Have you ever worked for a horrible boss? Have you ever been stuck on a team with a co-worker who is chronically difficult? What about a family member who sets all of your nerves on edge? It would be amazing if you had not encountered at least one of these scenarios, or at least something very similar. In fact you may have encountered all of them.
Here is a trick question for you. When was the last time you thanked one of these pain in the neck people? This might be the part where you ask me something along the lines of, “Why on earth would I thank any of these people?” You thank them for the opportunity they have given you.
What opportunity is that? The opportunity to learn how to deal with people who set your nerves on edge, without losing it, without, well – setting your nerves on edge. You and I can talk about these people all we like. We can share strategies and plan how to react or how not to react to the ‘opportunity people’ in our lives. You and I can read and write all about the best ways to handle people who we would allow to make us crazy.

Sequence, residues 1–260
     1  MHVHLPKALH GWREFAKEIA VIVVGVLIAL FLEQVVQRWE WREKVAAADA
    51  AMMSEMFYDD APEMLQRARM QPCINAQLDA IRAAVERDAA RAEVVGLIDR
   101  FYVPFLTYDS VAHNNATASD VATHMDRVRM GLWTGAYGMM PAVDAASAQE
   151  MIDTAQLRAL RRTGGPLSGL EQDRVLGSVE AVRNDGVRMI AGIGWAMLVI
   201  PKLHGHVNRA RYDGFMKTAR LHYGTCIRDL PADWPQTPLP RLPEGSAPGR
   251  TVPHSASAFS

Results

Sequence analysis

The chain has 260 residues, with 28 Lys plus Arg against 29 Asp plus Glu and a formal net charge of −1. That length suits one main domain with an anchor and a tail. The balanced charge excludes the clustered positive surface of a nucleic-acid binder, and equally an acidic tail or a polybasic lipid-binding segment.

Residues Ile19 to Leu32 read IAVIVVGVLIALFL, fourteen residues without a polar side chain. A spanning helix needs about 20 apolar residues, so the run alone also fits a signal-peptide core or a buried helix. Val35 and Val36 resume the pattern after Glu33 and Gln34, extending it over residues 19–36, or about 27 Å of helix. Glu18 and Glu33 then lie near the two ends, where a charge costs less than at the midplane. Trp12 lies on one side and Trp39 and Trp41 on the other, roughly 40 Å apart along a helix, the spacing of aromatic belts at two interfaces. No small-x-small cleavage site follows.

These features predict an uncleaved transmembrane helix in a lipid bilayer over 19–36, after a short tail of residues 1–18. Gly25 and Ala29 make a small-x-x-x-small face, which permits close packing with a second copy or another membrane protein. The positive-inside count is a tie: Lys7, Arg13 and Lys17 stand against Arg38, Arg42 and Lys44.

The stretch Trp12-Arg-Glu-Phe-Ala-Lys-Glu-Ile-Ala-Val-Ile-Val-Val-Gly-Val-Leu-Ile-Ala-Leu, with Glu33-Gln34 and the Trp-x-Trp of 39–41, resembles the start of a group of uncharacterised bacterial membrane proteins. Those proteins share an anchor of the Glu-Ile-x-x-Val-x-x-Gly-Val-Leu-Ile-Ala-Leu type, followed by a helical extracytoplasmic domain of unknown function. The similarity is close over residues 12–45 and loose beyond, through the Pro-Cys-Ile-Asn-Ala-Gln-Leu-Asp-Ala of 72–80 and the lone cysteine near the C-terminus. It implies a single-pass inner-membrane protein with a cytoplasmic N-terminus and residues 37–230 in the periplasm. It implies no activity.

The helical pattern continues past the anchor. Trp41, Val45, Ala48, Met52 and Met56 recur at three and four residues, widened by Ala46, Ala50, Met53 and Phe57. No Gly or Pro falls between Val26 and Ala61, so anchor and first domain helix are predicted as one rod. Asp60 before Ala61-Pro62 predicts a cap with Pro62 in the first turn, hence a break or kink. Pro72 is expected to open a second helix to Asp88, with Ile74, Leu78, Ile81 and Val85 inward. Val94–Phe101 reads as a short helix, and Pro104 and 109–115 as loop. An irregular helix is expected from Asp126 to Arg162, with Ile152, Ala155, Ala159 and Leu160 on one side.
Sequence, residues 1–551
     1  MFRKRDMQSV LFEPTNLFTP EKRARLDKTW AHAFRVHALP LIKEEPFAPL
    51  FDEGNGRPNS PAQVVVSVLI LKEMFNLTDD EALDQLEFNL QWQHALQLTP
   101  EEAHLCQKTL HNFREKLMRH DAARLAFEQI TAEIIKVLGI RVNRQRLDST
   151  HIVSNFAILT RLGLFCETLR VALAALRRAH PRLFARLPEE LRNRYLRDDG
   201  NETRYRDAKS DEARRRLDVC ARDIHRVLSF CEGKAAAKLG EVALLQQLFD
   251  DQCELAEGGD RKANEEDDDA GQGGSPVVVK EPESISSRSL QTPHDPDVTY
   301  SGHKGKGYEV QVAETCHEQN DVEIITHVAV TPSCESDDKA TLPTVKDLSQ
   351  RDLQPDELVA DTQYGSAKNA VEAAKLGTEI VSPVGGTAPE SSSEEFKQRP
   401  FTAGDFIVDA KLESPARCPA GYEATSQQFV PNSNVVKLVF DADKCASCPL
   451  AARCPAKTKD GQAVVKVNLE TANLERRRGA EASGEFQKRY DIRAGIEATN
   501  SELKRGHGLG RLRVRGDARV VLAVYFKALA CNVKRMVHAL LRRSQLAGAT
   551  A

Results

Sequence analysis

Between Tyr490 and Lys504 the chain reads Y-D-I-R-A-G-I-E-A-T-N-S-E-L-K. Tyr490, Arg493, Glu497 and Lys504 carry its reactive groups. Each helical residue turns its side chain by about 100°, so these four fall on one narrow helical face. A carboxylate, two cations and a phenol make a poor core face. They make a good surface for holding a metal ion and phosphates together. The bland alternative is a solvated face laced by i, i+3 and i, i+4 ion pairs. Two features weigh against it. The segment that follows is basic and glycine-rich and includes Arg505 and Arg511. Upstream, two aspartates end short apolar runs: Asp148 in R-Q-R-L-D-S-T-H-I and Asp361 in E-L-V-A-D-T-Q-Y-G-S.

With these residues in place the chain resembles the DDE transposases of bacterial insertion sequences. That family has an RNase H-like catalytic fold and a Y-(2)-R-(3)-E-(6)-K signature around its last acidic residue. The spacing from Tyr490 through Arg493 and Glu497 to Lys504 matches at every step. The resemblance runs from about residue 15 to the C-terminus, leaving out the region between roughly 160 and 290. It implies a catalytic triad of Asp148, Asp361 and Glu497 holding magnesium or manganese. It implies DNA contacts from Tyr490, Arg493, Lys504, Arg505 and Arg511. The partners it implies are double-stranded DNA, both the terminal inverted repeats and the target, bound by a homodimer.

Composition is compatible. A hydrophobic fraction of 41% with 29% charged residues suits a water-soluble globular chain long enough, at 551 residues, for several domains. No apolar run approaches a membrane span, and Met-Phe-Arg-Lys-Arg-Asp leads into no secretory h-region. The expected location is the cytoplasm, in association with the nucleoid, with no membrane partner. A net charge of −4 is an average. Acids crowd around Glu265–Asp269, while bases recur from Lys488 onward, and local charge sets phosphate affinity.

At some point, all of our discussions need to lead up to actual practice. You don’t become a skilled surgeon just by reading the books. You don’t successfully remove someone’s tonsils just by talking about it. Of course it helps to read the books and talk about tonsillectomies with experts. You become good at tonsillectomies by performing tonsillectomies. You become skilled at handling your ‘opportunity people’ by interacting with them. The more you interact with them the better you will become at developing your technique so that they do not push you over the edge.
Now you see why I call them ‘opportunity people’ and why I suggest that you and I can say to them, ‘Thanks for the opportunity.’ As annoying as they might be, you and I will not grow without them. Let’s offer thanks for the opportunity to interact with the people who get on our nerves. Of course I really mean silent thanks. Each time you deal with one of these people, I encourage you to give be appreciative of how those interactions make you a stronger person.
If you really do thank one of your ‘opportunity people’, then good for you. At least good for you if you can say thank you to them, without any trace of sarcasm or hostility. I suppose if you do it might come as a surprise to them and they might not know how to take it.